Monthly Programs

  • February 2020
  • March 2020
  • April 2020

John L. Smith, Author and Journalist: "The Westside Slugger: Joe Neal's Lifelong Fight for Social Justice"

  • Date: Sunday, February 2, 2020 (first Sunday)
  • Time: 12:30 PM
  • Location: Reno Downtown Library, 301 South Center Street, Reno

John SmithThe Westside Slugger is the powerful story of civil rights in Las Vegas and Nevada through the eyes and experience of Joe Neal, a history-making state lawmaker in Nevada. Neal rose from humble beginnings in Mound, Louisiana, during the Great Depression to become the first African American to serve in the Nevada State Senate.

John L. Smith is a longtime journalist and the author of more than a dozen books on some of the most significant characters in Las Vegas history. In three decades as a daily columnist with the Las Vegas Review-Journal, he garnered many state and national awards for his work. In 2016, Smith was named to the Nevada Newspaper Hall of Fame and was part of a group of reporters to receive the Ancil Payne Award for Ethics from the University of Oregon, the Society of Professional Journalists award for Ethics, and the James Foley Medill Medal for Courage in Journalism from Northwestern University.


Samantha Szesciorka, Assistant Curator, Wilbur D. May Center: Wilbur D. May

  • Date: Wednesday, February 19, 2020 (third Wednesday)
  • Time: 5:30 PM
  • Location: Northwest Library, 2325 Robb Drive, Reno

Samantha SzesciorkaBorn on December 28, 1898, Wilbur May was the third son of David May, founder of The May Department Stores Company. Wilbur was a rancher, pilot, artist, philanthropist, and world traveler who lived in Reno from 1936 until his death on January 20, 1982. The museum's collection derives from over 40 trips Wilbur made around the world, and include T'ang Dynasty pottery, African masks, statues and artwork, Inuit scrimshaws, Egyptian scarab figures, Greek icons, wildlife dioramas and a shrunken head from South America. Also featured is a re-creation of the living room, bedroom, tack room, and big game trophy room from Wilbur's 2,600-acre (1,100 ha) Double Diamond Ranch in South Reno.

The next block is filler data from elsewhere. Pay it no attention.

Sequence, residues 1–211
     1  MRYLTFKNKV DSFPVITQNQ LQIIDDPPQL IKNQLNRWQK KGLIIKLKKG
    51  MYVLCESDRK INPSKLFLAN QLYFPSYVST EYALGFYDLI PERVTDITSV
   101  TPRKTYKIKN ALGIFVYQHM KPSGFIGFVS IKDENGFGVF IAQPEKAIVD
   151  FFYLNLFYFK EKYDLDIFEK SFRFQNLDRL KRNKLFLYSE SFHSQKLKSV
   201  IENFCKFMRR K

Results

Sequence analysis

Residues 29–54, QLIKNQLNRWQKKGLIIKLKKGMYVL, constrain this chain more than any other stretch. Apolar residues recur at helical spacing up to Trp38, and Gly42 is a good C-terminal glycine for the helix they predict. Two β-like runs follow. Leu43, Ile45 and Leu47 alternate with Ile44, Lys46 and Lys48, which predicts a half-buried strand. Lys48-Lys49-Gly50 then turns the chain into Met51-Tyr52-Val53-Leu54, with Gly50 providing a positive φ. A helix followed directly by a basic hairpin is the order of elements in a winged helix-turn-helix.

Samantha Szesciorka is the Assistant Curator at the Wilbur D. May Center and the Editor in Chief at Sagebrush Rider.

Dr. Christine Johnson, Collection Manager, Nevada Historical Society: Nevada State Board on Geographic Names—How Do the Mountains Get their Names?

  • Date: Sunday, March 1, 2020 (first Sunday)
  • Time: 12:30 PM
  • Location: Reno Downtown Library, 301 South Center Street, Reno

Christine JohnsonDid you know that Nevada is considered to be the most mountainous state in the country? With more than 300 named ranges, Nevada's topography contains thousands of peaks, valleys, mounts, buttes, bluffs, cutoffs, mountains, points, and more. The Nevada State Board on Geographic Names has been in place since 1985, working to advise the U.S. Board on new name suggestions, research current names of features, and weigh in on controversies when presented. This talk will provide a history of the board, operational procedures, provide a look at why and how features get named, and highlight a few interesting and noteworthy features on the Nevada landscape.

Dr. Christine Johnson is the Collection Manager at the Nevada Historical Society and adjunct faculty in the departments of Anthropology and Geography at the University of Nevada, Reno.


Jerry Wagner: ALSOS — The Hunt for Hitler’s A-Bomb